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Assessment and Pedagogical Documentation

Chapter
Part of the International Perspectives on Early Childhood Education and Development book series (CHILD, volume 24)

Abstract

The purpose of assessment, what should be assessed and how it should be assessed in ECEC settings are hotly contested by academics, policy analysts and practitioners, with oppositional views about whether the predominant focus for assessment should be on measureable and standardised learning outcomes in a narrow range of domains or on formative assessment for learning that is socioculturally situated. Debate and contestation in ECEC (early childhood education and care) arenas internationally intensified when in 2016 the OECD announced its intention to pilot an International Early Learning Study (OECD, 2016), a cross-national assessment of early learning outcomes involving the testing of 5-year-old children in four domains. The study was rigorously criticised in academic journals (Moss et al. 2016; Carr, Mitchell & Rameka, 2016; Mackey, Hill, & De Vocht, 2016) and in statements issued by the Reconceptualising ECE group (Urban & Swadener, 2016) and by the New Zealand Association for Research in Education at its 2016 conference. Publications in national newspapers in Germany, Belgium, Canada, France and the UK have raised concerns (Moss & Urban, 2016). These concerns have sat alongside a fear of “schoolification” of ECEC and push down of standards applying to the schools sector to ECEC globally, including in Aotearoa New Zealand. However, a turning point in Aotearoa New Zealand has been the election of the 2017 Labour-led government, which is now overturning standards in the schools sector and whose policies hold out promise for the ECEC curriculum to influence schooling. A main argument in this chapter is that ideas about outcomes and how these should be assessed reflect ideas about what learning is valued and the nature of knowledge. Examples from Aotearoa New Zealand pedagogy and assessment are used to demonstrate an approach designed to emphasise and construct a democratic educational culture. Assessment practices that have democracy in mind will include the views of those being assessed, build a culture of success and be open to contribution from children, families and community. Valued outcomes will include learning dispositions and working theories to support democratic citizenship and lifelong learning.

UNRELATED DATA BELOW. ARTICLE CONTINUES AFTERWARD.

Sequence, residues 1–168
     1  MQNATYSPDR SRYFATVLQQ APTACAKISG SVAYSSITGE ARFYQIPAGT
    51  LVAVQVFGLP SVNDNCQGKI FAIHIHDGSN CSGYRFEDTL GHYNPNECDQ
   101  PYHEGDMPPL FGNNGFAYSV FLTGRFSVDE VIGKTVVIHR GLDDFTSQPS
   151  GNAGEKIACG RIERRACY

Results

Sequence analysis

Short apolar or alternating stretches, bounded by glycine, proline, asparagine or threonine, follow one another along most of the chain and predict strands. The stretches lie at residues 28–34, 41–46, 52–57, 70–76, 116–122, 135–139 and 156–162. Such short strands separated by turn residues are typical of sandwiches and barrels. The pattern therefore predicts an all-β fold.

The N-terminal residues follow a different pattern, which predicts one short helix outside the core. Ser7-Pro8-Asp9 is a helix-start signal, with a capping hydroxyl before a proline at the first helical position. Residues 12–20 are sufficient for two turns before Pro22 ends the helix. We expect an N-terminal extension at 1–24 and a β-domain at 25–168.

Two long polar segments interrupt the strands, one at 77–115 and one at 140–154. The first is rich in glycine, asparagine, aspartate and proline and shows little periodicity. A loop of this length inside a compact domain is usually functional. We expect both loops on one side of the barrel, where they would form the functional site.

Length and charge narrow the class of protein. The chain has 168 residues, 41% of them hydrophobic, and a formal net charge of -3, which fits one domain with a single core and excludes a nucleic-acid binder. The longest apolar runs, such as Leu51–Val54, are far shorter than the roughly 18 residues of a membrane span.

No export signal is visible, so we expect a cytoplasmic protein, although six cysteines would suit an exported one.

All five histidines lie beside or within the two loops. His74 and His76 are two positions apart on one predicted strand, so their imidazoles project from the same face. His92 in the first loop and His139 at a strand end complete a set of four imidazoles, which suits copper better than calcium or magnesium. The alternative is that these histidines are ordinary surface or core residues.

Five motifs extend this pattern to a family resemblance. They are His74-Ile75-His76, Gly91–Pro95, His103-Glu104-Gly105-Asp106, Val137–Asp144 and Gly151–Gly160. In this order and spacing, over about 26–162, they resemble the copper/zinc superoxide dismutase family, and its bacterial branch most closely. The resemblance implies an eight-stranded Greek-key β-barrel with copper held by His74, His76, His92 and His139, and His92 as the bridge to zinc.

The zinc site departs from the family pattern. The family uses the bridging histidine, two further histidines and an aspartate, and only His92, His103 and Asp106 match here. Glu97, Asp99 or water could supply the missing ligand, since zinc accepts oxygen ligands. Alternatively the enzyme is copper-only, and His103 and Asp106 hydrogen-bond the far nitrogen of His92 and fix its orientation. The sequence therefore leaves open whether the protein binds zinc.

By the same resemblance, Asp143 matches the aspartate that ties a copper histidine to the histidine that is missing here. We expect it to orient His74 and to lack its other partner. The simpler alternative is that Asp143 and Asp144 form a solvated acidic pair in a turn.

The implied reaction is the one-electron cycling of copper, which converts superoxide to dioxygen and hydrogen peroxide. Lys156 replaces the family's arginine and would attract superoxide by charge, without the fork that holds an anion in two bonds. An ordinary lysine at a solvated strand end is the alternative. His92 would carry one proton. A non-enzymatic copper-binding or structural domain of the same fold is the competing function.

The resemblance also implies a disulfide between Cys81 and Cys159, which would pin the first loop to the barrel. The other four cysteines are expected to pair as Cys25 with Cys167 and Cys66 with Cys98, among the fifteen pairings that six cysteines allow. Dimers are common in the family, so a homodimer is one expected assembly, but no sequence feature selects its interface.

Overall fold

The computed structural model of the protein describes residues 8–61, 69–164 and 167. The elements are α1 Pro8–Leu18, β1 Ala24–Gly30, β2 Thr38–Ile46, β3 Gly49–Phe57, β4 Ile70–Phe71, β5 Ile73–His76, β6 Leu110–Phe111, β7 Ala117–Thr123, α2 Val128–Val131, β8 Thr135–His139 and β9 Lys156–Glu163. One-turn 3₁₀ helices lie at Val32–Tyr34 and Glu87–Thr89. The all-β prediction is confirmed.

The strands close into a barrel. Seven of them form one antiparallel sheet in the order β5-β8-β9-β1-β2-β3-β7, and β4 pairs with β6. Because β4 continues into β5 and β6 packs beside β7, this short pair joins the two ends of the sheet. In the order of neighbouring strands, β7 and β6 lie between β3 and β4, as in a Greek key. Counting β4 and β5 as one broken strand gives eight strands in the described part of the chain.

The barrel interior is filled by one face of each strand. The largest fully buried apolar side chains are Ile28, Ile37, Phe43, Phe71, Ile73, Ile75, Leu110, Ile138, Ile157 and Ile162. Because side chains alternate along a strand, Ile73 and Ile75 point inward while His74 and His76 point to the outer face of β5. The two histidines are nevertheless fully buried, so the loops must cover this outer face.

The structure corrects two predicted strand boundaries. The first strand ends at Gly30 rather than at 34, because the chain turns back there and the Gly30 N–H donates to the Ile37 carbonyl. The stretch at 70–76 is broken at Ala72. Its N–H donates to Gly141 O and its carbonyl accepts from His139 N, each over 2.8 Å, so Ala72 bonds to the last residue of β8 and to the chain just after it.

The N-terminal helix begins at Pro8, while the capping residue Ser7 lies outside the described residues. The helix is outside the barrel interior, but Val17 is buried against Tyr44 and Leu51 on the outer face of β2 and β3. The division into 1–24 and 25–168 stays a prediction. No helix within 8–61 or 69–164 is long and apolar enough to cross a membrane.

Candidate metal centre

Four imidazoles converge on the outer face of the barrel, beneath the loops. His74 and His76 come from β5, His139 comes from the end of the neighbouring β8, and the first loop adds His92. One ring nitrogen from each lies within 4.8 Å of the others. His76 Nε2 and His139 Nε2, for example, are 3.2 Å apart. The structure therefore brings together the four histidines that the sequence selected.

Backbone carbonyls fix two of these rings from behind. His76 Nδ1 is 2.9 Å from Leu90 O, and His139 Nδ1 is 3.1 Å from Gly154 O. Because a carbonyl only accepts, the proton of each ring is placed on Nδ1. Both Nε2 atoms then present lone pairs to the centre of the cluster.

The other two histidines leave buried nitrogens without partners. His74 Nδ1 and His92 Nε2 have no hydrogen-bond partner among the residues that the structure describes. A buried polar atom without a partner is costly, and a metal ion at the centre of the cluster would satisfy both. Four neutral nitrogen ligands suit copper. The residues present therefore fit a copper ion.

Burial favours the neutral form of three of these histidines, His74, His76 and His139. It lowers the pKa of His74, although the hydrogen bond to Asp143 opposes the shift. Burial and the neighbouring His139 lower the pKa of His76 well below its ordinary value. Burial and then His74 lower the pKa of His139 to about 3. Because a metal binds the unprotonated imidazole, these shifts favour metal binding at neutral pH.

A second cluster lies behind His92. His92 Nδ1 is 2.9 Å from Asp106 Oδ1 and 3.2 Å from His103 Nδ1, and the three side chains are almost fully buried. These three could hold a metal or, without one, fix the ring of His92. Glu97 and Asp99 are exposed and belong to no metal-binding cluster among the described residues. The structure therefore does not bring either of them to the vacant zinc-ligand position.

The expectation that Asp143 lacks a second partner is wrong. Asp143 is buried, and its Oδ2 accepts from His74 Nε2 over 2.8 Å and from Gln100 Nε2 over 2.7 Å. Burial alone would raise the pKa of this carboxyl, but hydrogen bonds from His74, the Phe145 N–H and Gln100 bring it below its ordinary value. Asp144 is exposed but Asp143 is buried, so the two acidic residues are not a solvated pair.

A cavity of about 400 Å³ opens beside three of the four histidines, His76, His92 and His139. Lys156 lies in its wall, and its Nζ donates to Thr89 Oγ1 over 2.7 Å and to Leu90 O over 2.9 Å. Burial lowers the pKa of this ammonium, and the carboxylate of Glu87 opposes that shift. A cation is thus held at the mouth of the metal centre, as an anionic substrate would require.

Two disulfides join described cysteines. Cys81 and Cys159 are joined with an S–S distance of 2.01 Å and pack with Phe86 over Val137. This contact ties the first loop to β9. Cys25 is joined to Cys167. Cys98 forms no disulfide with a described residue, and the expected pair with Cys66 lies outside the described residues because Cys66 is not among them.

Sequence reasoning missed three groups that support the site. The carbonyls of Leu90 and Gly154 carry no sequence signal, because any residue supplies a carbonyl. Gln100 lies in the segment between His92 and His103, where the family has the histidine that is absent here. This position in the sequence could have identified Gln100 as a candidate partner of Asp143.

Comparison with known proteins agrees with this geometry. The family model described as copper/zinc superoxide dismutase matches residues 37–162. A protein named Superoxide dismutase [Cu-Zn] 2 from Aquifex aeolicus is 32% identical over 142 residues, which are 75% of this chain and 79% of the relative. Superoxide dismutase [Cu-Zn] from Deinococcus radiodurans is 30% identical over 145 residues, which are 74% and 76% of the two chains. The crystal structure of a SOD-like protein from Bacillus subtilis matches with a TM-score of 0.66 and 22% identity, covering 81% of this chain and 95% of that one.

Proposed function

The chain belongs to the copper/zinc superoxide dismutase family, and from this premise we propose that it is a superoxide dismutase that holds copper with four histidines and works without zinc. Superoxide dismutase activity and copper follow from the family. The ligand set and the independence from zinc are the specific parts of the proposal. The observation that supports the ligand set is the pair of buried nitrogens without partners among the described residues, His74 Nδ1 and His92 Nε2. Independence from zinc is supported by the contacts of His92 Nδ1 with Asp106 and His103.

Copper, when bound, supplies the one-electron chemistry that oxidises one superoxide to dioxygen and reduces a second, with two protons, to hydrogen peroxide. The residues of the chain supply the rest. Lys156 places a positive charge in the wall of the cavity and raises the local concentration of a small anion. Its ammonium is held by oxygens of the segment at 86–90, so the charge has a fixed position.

Keywords

Pedagogical Documentation Early Childhood Education And Care (ECEC) ECEC Settings Aotearoa ECEC Curriculum 
These keywords were added by machine and not by the authors. This process is experimental and the keywords may be updated as the learning algorithm improves.

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Copyright information

© Springer Nature Singapore Pte Ltd. 2019

Authors and Affiliations

  1. 1.Faculty of EducationThe University of WaikatoHamiltonNew Zealand

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